Researchers use sun cycle to predict rainfall fluctuations
December 15, 2008 ByMarg Land
December 8, 2008 – The sun’s
magnetic field may have a significant impact on weather and climatic
parameters in countries in the northern and southern hemispheres.
December 8, 2008 – The sun’s magnetic field may have a significant impact on weather and climatic parameters in countries in the northern and southern hemispheres.
According to a recent study in Geographical Research, droughts are related to the solar magnetic phases and not the greenhouse effect.
The study, titled “Exploratory Analysis of Similarities in Solar Cycle Magnetic Phases with Southern Oscillation Index Fluctuation in Eastern Australia,” uses data from 1876 to the present to examine the correlation between solar cycles and the extreme rainfall in Australia.
It finds that the Southern Oscillation Index (SOI) – the basic tool for forecasting variations in global and oceanic patterns – and rainfall fluctuations recorded over the last decade are similar to those from 1914 to 1924.
“The interaction between the directionality in the Sun’s and Earth’s magnetic fields, the incidence of ultraviolet radiation over the tropical Pacific, and changes in sea surface temperatures with cloud cover – could all contribute to an explanation of substantial changes in the SOI from solar cycle fluctuations,” said author Professor Robert G. V. Baker from the School of Environmental Studies, University of New England, Australia. “If solar cycles continue to show relational values to climate patterns, there is the potential for more accurate forecasting through to 2010 and possibly beyond.”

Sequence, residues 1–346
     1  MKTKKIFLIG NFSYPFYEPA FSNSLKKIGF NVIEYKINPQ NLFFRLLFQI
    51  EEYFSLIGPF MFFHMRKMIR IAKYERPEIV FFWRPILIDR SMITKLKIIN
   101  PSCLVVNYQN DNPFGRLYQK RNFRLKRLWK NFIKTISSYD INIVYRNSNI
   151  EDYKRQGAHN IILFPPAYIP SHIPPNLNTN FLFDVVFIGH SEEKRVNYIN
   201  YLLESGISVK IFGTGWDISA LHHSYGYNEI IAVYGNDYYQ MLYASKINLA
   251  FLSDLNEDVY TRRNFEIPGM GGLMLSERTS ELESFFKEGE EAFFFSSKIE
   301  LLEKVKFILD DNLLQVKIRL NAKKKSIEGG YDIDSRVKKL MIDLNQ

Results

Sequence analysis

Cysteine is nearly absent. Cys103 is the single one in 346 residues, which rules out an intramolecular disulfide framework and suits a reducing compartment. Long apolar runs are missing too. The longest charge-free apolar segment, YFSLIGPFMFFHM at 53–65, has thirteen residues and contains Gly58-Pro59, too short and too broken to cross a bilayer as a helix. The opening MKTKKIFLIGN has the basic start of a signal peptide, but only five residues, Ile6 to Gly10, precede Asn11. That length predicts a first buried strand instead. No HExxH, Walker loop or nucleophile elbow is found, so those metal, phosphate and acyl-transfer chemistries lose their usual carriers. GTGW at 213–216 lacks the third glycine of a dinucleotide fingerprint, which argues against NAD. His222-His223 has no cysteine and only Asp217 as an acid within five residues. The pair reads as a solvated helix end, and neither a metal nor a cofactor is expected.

The SOI-solar association has been investigated recently due to increasing interest in the relationship between the sun’s cycles and the climate. The solar application offers the potential for the long-range prediction of SOI behavior and associated rainfall variations, since quasi-periodicity in solar activity results in an expected cycle of situations and phases that are not random events.
“This discovery could substantially advance forecasting from months to decades,” added Professor Baker. “It should result in much better long-term management of agricultural production and water resources, in areas where rainfall is correlated to SOI and El Niño (ENSO) events.”
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